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Play by Email: Running the Game

Play-by-email games are both more restrictive and more liberating for gamemasters and players. They are more restrictive because they take much longer to play; they eliminate nonverbal cues that help transmit emotion, irony, and falsehood; and they require basic writing skills that face-to-face gaming elides. They are more liberating because they permit players from around the world to interact; they give players and GMs more time to craft witty, dramatic and thoughtful responses; and they lend themselves to constructing a text-based narrative that can be saved after the game as a story or account of the adventure.
One of the central problems with PBEMs is that they move more slowly than face-to-face games, and the GM must prepare for a PBEM with the time factor in mind.

Plots: In a face-to-face game, turns can be made quickly; the GM says something or asks a question, and the players instantly respond. In a PBEM, there is a great deal of lag time. The turn goes out, players read it whenever they find the time, eventually compose a response, send it off, and the GM reads it whenever s/he finds the time. As a result, PBEM plots should be handled somewhat differently than face-to-face game plots.

Keep the Plot Simple. PBEMs should have fairly straightforward plots if the GM would like to finish the game within a year or two (I'm not exaggerating!). Extended investigations and interaction take a great deal of time. A GM who wants to run a mystery should be ready to keep the plot moving along by narrating extended investigations rather than running them as line-by-line dialogue and by advancing the timeline when things go slowly (see Pacing, below).

Avoid Overlands. Extended overlands are a drag on the game, as are random encounters. The GM should be ready to narrate overlands, pausing here and there for player reaction, but not spending more than a week or so on the "getting to the adventure" part of the game. Naturally, if the game is based around an extended overland—such as a Star Trek mission based on the Enterprise or Voyager plots—this rule doesn't apply as strictly, although the GM should still avoid spending too much "dead time" between encounters. Only planned encounters should be used and each encounter should advance the plot in some way.

Narrate Combat. Blow-by-blow combat is fun, but very slow in a PBEM. The GM should ask players to describe their character's plans in a private email. Then the GM can narrate the scene based on those plans until there's a natural break point—perhaps where a decision must be made that the players didn't foresee. At that point, the GM again asks the players for their revised plans, and so on.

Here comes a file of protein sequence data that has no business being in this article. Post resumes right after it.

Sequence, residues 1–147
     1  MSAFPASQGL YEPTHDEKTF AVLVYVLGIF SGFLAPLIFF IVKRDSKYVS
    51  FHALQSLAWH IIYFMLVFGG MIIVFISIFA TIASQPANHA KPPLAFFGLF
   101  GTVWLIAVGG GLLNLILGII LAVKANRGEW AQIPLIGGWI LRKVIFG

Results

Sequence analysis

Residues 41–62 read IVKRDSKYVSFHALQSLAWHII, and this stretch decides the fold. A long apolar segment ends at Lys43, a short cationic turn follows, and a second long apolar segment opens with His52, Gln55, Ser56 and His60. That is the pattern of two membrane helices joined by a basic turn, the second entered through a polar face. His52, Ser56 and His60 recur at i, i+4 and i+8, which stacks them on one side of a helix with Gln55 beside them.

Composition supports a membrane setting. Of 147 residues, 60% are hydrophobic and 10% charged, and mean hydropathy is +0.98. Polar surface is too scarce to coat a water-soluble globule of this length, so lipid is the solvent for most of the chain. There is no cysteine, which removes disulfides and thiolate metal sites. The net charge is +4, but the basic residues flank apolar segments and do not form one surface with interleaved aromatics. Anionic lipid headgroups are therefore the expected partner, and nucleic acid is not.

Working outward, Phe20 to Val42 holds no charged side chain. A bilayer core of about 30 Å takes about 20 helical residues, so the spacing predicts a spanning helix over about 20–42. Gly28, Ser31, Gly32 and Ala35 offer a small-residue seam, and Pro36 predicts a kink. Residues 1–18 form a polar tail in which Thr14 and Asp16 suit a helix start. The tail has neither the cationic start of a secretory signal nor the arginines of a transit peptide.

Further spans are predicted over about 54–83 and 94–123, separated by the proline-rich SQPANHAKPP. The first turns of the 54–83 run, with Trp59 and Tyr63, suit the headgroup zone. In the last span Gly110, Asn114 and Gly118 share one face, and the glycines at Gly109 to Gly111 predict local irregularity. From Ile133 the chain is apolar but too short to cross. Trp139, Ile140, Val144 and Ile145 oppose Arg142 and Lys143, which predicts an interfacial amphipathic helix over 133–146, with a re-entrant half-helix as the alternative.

Limit Interaction Opportunities. I love allowing players to roleplay with each other, but it slows the game—and in a PBEM, the plot is already moving slowly enough. To avoid really bogging things down, the GM might decide to place a limit on the amount of time players get to chat with each other before moving on to the next scene. For example, the GM might permit three real-time days for chat during a dinner party, after which s/he moves the plot onward. Conversations can be continued in a nonlinear fashion, running simultaneously with later scenes, or can be moved off-PBEM to a bulletin board that the GM provides for that purpose. If the response time is going to be limited, the GM should add that in a note (e.g., "Players: You have three days to chat with each other, and then I move to the next day"). If the GM can get the players together for a quick live chat session, all the better—although that's not easy to do if the players are living in different time zones.
Private conversations should be kept off the main PBEM list and carried out between the players in private email. The GM should be cc:ed all such private email messages. That way, if another character is eavesdropping on the conversation, the GM can secretly forward the messages to the snoop.

Accept Nonlinearity. Because PBEMs must be nudged along by the GM at regular intervals, some amount of nonlinearity must be accepted and worked around. The GM should provide a special subject-header keyword or a game-related bulletin board for nonlinear roleplaying purposes. My PBEM's bulletin board has been used for out-of-character comments, player character reports to NPCs, and player character stream-of-consciousness reactions to the plot.